Again, I highly recommend tracking down his book because it tells so well the transformation of this man’s heart and how many people were praying for him and investing in him.  The relationships that Tom experienced in the years that followed are inspiring examples of reconciliation and redemption.  I’m also hoping that Tom will write a follow up book and share what God has done in him and through him in the thirty-four years since his release from prison.

With everything going on in the world today, Tom’s testimony is an apt and vivid reminder that nothing is impossible with God. (Luke 18: 27).

7 thoughts on “Testimony Tuesday: Tom Tarrants

  1. Pam Priester says:

    Have heard him in person, but can listen to his story over and over! What an amazing God we have. Thanks for sharing, Kristie! Enjoy the “ice” day!

    • I agree with you on all counts, Pam. And thanks for posting on facebook too — that was very kind. I feel like I’ve seen you but barely talked to you in forever. Hope we can catch up soon. And I hope Kate told you the very funny Kate/Sammy encounter a few weeks back. Oh heck, I’ll just tell you. She went running by, and he caught a glimpse. So he chased her down, “Kate, wait up. Kate, wait!” So she stopped, stooped and listened. “I have something to tell you, Kate.” Kate: “What is it Sammy?” Sammy: “I don’t know.” Is that not the picture of smitteness?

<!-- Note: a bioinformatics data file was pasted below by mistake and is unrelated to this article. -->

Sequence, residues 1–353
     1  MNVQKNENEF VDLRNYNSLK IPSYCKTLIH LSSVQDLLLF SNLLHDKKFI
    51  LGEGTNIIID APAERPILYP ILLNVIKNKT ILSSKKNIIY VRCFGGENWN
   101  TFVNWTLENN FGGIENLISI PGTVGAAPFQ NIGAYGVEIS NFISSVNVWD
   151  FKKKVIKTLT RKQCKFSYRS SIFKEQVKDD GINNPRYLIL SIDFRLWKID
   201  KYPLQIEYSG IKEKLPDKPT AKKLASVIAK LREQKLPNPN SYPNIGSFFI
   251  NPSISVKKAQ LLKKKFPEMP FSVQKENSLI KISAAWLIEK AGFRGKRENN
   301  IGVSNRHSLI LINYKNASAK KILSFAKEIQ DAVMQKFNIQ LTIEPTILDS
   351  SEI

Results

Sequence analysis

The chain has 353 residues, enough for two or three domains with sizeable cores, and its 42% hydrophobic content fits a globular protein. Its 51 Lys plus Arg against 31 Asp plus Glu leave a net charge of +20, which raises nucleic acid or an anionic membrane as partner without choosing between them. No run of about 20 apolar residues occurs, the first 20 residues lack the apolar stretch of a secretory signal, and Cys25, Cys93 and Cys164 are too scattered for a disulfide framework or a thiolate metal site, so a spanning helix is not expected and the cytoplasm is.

2. Lynne says:

    Wow….amazing that a man with such hatred in his heart can be overcome by God’s miraculous and unexplainable GRACE…..going to have to get a hold of a copy of that book. Thanks for sharing, Kristie..

  3. bob says:

    Many have said Tarrants played a role in the deaths of MLK and RFK. If he’s a Christian, then he would come clean, but he doesn’t.